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Good Idea Not to Replace Breast Implants After Capsular Contracture?

I have a stage 4 capsular contracture in my right breast. I had my surgery 6 years ago. I am considering not getting the breast implants replaced and have an augmentation done. Do you think not replacing the implants are a good idea? I am told by 3 different doctors that I have enough breast tissue to create a full breast.

Doctor Answers (6)

Neopectoral pocket for recurrent caspular contracture.

+1

I  would consider implant removal and replacement in a neopectoral pocket to reduce the potential for a recurrent capsular contracture.

Web reference: http://www.bodysculptor.com/breast-surgery-chicago/implant-replacement/

Chicago Plastic Surgeon
5.0 out of 5 stars 39 reviews

Breast Lifing, Augmentation, Recovery, capsular contracture

+1

Dear MiaHope, you have several options on your situation.

1) remove the implants only- wait and do a breast lift later

2) remove the implants and do an immediate breast lift

3) remove the implants, have and open capsulotomy and replace the implants

4) remove, open capsulotomy, replace the implants and immediate breast lift

If you have a breast lift- the breasts will appear smaller- even if no tissue is removed.

There is a medication called Singulair which is used for childhood asthma- as an off label prescription it can be helpful with Capsular contracture.

With Warm Regards,

Trevor M Born MD

Toronto Plastic Surgeon
5.0 out of 5 stars 39 reviews

Capsular contracture treatment

+1

Capsular contracture can be difficult to treat. If you have enough breast tissue to be happy with your size after removal of your implants, then not replacing the implants is good idea as it will remove the possibility of having capsular contracture again. You will likely have a breast lift to improve your breast shape after implant removal. There is no harm in leaving the implant out and if you are unhappy with your breast size to revisit having an implant placed back in sometime in the future - 6mo or more once you have healed from your surgery. Discuss your options with your surgeon carefully and be sure to understand the trade-offs with the choice you make.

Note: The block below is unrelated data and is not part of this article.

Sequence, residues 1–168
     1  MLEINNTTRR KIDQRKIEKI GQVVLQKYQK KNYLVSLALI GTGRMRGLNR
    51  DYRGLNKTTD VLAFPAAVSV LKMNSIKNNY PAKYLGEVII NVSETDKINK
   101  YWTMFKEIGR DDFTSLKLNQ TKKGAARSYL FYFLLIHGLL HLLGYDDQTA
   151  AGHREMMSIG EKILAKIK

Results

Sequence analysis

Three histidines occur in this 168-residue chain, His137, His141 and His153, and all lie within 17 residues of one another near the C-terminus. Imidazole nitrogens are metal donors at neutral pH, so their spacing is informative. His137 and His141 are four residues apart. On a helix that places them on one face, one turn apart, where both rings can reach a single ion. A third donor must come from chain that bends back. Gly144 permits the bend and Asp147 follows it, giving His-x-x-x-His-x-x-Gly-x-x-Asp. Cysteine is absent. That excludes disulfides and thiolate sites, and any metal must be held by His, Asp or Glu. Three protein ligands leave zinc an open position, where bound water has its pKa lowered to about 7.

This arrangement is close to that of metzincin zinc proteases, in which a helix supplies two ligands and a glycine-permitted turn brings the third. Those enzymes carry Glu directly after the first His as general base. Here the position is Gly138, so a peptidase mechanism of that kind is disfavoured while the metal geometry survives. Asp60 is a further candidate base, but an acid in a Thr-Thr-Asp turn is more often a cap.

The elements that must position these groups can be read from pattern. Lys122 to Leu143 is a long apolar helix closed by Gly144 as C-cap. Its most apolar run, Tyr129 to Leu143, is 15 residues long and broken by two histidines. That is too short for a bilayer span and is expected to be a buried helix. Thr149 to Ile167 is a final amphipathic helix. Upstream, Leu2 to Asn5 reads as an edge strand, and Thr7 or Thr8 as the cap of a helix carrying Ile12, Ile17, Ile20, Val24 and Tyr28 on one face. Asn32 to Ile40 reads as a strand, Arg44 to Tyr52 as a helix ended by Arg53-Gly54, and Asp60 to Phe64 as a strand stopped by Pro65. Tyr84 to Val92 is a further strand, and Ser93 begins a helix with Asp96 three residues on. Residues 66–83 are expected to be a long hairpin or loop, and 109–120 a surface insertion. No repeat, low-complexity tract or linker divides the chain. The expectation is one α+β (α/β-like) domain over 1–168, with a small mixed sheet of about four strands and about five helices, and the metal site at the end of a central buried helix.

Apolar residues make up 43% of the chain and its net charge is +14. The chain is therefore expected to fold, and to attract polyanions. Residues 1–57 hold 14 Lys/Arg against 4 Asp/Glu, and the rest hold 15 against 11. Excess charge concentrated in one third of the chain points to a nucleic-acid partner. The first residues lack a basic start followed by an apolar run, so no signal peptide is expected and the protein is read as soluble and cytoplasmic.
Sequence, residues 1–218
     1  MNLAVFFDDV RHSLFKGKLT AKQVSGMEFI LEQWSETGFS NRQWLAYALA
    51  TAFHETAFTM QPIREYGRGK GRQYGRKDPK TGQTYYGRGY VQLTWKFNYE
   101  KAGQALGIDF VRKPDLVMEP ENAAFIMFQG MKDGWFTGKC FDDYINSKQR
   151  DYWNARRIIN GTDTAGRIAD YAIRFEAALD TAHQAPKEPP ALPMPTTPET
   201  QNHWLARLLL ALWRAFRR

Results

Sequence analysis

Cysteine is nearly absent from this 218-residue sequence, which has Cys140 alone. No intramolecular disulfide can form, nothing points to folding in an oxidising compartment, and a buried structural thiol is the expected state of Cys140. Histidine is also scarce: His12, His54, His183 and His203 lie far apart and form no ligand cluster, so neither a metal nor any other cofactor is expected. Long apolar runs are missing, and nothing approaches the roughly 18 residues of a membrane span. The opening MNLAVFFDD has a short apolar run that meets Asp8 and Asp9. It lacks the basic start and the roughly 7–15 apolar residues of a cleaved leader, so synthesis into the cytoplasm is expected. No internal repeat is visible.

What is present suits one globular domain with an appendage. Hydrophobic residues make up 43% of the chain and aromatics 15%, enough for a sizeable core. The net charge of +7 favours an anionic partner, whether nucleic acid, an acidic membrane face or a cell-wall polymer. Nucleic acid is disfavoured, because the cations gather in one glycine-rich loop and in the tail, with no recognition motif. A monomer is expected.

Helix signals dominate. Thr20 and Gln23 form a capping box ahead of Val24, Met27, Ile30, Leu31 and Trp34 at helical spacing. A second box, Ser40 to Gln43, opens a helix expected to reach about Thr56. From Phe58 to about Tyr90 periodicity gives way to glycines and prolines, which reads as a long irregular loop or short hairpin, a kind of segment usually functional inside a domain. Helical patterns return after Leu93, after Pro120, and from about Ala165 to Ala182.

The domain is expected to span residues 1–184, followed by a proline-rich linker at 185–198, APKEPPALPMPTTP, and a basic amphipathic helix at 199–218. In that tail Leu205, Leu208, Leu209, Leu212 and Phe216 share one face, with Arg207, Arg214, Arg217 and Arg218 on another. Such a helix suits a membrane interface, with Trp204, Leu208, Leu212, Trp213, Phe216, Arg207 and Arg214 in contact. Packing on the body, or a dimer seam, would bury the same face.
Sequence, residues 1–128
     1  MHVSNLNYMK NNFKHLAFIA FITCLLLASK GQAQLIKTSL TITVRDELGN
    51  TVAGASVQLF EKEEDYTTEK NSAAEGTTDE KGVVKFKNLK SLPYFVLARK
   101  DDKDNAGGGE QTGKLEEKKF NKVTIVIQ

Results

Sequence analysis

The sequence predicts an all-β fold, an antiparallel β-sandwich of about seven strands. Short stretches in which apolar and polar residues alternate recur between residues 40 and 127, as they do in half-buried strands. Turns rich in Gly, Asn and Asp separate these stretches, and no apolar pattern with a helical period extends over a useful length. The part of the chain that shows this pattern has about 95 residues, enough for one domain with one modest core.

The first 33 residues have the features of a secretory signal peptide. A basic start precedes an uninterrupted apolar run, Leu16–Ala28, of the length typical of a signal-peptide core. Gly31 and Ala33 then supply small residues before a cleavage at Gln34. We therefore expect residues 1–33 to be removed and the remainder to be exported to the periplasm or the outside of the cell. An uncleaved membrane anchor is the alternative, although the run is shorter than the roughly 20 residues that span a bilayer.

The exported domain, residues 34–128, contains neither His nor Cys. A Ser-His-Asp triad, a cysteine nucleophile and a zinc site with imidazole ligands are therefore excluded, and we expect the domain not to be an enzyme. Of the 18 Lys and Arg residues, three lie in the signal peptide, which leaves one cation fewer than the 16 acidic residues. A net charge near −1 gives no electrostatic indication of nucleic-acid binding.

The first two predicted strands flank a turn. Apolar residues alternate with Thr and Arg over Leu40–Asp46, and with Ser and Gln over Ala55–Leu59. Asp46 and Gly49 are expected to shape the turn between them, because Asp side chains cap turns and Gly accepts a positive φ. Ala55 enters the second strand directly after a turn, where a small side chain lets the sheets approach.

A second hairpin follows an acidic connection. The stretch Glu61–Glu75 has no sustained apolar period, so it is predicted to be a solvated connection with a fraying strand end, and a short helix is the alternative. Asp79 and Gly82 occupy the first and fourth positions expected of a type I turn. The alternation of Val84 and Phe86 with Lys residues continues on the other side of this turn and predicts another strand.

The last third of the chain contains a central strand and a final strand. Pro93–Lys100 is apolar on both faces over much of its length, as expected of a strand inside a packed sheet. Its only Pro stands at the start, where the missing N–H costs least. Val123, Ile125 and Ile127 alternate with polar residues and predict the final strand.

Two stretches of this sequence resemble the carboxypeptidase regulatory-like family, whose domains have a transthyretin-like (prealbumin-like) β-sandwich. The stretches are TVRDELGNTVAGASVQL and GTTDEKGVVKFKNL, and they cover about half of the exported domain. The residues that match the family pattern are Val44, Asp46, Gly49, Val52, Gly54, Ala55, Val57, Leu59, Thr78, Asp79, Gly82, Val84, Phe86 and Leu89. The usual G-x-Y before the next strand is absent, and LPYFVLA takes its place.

Web reference: http://www.stcharlesplasticsurgery.com/html/breast-augmentation.html

Chicago Plastic Surgeon
5.0 out of 5 stars 6 reviews

Breast implant replacement after capsular contracture correction

+1

Dear MIA,

"...I have a stage 4 capsular contracture in my right breast. I had my surgery 6 years ago. I am considering not getting the breast implants replaced and have an augmentation done. Do you think not replacing the implants are a good idea?"

Your question can be interpreted in 2 ways:
1. INSTEAD of - augmentation you meant to say capsular correction OR breast lift.

2. Or you MAY be asking it the OLD implants can be left in AFTER removal of the scar tissue.

For the benefit of others, a BAKER Class IV contracture is a breast where the scar around the implant is VISIBLE, PALPABLE and the breast is PAINFUL. The breast is deformed and tender.

The only way to relieve the condition is to remove most or all of the scar along with the implant (pericapsular dissection with partial or complete capsulectomy). If the implants are NOT replaced, the resulting breast will be smaller and droopier. The shape may look more attractive if a breast lift (mastopexy) is done.

Can older saline implants be reused and replaced? Yes but it is probably a better idea to go with a fresh, slightly larger pair of implants if you choose to go this way.

Good Luck.

Memphis Plastic Surgeon
5.0 out of 5 stars 52 reviews

Capsular contracture

+1

 To undergo another surgery after developing a capsular contracture is possible.  The old capsule should be removed and certainly if you want new implants they can be put in.  

Manhattan Plastic Surgeon
4.5 out of 5 stars 14 reviews

These answers are for educational purposes and should not be relied upon as a substitute for medical advice you may receive from your physician. If you have a medical emergency, please call 911. These answers do not constitute or initiate a patient/doctor relationship.

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